Heather Boushey’s Finding Time: The Economics of Work-Life Conflict is a study of changing patterns of work in America and the pressures that longer hours place on families and individuals. Boushey dedicated the book to “all those too busy to read this book, in the hope that it reaches those with the power to find and return our lost time.” Having just been named chief economist for Hillary Clinton’s transition planning team, Boushey’s own access to that power seems on the rise. That’s good news for American families.
Boushey’s work both in Finding Time and as Executive Director and Chief Economist at the Washington Center for Equitable Growth is about taking work-family policy off the Style pages and into the realm of serious economic issues. In fact, she hates the term “work-family policy,” which brings to mind working mothers and child care. “Compared with traditional male issues,” she writes, “work-family policy doesn’t sound serious. It sounds like something that should take a backseat to real economic matters. As a result, politicians tend to trot out their positions on work-family issues when courting female voters ahead of elections, only to forget them after the victory lap.”
It’s this very dynamic that results in scenes like Ivanka Trump delivering a Republican National Convention speech touting her father’s commitment to providing relief for working families in terms no one could recall ever hearing from the candidate himself.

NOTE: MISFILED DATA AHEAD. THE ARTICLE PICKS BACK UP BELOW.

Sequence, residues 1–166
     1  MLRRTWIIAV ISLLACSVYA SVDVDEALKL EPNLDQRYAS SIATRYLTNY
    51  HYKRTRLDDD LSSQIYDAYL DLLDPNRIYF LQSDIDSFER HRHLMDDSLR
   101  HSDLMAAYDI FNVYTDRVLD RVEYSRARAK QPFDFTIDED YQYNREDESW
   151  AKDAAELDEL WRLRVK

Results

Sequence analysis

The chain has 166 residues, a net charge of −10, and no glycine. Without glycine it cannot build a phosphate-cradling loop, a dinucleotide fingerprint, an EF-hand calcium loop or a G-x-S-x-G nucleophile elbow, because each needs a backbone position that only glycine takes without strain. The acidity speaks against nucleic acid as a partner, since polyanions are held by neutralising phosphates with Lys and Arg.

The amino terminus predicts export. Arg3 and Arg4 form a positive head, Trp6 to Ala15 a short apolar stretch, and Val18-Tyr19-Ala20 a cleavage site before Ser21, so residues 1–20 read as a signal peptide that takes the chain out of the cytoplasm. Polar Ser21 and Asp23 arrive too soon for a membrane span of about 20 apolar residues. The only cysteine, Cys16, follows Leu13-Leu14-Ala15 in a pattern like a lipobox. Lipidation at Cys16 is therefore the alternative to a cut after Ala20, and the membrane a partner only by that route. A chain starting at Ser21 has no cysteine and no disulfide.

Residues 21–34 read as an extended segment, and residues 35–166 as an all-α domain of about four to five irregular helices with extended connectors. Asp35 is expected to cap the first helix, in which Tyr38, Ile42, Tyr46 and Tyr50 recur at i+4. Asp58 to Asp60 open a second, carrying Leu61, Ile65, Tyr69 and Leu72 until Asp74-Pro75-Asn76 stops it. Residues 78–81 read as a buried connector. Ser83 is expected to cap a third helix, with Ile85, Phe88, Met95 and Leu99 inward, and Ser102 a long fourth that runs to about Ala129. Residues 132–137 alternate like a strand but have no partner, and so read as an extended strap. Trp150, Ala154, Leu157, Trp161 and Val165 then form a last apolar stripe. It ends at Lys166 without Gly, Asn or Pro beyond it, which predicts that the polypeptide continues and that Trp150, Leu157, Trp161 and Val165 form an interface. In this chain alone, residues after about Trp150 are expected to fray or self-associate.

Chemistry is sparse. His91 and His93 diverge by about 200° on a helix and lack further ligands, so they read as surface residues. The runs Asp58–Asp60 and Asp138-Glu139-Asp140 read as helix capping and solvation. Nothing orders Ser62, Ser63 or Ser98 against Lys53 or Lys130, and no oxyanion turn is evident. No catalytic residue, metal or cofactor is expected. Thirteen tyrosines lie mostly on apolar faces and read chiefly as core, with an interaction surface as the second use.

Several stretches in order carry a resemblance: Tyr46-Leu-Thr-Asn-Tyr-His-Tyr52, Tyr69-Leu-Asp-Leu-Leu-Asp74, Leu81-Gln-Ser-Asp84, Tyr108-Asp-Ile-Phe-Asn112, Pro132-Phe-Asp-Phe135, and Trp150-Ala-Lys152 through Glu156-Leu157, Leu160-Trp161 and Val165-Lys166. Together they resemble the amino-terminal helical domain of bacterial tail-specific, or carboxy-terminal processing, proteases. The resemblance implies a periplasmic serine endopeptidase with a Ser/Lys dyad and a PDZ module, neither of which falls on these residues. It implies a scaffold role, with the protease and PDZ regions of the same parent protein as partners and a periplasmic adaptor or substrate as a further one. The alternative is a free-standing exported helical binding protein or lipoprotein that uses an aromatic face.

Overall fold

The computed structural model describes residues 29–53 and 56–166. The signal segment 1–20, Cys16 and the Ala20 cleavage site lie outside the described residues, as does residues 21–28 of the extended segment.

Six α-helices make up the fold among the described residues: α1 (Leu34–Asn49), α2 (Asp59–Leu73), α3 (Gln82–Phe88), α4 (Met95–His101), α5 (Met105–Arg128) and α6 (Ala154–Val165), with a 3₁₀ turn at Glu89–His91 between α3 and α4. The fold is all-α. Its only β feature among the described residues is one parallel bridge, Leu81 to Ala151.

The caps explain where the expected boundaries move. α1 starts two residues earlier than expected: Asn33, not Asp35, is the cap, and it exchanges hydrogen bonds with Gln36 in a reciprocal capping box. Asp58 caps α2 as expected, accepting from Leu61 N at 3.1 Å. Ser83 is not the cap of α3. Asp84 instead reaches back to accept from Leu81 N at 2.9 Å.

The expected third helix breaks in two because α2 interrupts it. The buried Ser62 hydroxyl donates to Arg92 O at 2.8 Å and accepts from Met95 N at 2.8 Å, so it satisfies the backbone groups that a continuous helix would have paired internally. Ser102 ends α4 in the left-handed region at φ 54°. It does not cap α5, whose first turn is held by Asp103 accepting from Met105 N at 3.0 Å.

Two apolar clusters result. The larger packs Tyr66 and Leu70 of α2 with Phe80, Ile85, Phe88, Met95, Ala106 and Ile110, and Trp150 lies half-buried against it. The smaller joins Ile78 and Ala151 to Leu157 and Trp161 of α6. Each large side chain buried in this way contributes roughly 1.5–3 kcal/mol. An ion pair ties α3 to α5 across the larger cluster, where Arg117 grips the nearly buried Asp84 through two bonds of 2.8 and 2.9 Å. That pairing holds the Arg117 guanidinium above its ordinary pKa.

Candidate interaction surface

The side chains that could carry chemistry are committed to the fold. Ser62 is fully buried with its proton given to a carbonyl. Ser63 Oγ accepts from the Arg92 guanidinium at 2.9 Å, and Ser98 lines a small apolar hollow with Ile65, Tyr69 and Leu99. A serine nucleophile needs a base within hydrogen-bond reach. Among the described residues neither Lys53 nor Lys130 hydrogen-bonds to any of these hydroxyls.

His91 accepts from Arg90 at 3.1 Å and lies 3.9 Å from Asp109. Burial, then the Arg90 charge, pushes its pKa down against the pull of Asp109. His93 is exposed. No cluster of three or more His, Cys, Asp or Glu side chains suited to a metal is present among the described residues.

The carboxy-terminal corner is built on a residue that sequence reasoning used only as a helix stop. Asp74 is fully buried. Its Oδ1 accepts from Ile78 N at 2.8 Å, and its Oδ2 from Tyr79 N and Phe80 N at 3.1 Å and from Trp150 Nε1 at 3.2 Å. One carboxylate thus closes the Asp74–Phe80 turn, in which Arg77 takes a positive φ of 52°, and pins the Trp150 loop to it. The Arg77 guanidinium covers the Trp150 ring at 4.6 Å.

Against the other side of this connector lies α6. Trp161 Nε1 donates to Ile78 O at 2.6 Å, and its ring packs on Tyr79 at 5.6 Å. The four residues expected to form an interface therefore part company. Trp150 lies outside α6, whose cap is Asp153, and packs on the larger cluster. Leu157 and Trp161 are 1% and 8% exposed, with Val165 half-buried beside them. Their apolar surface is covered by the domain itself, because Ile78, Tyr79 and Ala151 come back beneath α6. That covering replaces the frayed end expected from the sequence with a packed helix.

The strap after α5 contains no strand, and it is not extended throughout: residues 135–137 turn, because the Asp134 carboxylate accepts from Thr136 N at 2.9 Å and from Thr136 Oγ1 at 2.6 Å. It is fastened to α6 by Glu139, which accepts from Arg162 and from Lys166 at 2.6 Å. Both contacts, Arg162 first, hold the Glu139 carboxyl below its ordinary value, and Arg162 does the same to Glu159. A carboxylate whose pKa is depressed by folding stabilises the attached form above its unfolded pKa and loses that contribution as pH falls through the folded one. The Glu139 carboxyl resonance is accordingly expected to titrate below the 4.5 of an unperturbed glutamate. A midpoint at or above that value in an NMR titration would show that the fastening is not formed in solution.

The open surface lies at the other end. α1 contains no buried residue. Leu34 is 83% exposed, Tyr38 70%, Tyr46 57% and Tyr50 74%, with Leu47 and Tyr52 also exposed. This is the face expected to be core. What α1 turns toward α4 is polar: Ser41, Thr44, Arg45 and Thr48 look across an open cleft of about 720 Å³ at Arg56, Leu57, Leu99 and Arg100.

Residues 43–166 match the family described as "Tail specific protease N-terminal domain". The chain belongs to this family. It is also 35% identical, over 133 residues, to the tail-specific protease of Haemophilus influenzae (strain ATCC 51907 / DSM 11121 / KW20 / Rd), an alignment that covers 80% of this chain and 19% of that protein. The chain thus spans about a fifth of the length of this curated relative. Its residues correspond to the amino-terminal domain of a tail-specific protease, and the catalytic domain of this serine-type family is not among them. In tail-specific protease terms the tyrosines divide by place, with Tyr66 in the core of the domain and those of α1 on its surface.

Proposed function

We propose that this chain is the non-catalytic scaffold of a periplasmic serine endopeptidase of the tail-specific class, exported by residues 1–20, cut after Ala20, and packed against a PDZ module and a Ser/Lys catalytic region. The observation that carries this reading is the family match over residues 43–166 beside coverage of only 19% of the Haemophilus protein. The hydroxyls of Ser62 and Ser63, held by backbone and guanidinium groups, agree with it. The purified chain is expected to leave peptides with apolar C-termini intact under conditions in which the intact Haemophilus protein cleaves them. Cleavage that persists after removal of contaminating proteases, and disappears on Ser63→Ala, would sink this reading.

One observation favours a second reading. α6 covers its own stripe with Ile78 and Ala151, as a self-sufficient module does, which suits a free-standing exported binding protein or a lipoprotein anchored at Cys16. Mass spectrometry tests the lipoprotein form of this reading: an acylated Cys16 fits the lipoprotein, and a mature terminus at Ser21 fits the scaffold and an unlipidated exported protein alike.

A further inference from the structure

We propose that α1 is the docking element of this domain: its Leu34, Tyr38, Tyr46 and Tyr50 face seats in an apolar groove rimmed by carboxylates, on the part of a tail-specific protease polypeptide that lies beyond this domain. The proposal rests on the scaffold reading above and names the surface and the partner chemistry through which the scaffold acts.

In contrast, Boushey shows that the kinds of policy changes she recommends—all currently in place in various parts of the country—are crucial to America’s economic well-being.
Researchers studying the kinds of policies that families and households need to make ends meet, and in turn what businesses need from their employees, have some surprising findings to share. Across a range of different social science traditions, methods, and topics, they find that addressing sources of anxiety inside the home has a profound impact on what happens outside the home, including in the larger economy, and can affect the current and future competitiveness of American firms and workers. That’s why I prefer the term work-life policies. This phrase reminds us of the intimate connection between the hours we clock for a job and the off-the-job hours that support strong families and a strong economy.
Finding Time is focused on core economic questions: If we sought to alleviate family economic insecurity today, what would our agenda look like? Would our efforts be good or bad for the economy overall? Rather than submitting to the bog of partisan squabbles over “handouts,” Boushey urges us to think about how keeping people gainfully employed while they care for their families benefits the economy overall. It’s in that vein that she presents solutions to everyday economic problems facing workers across four areas: Here (at home), There (at work), Care, and Fair.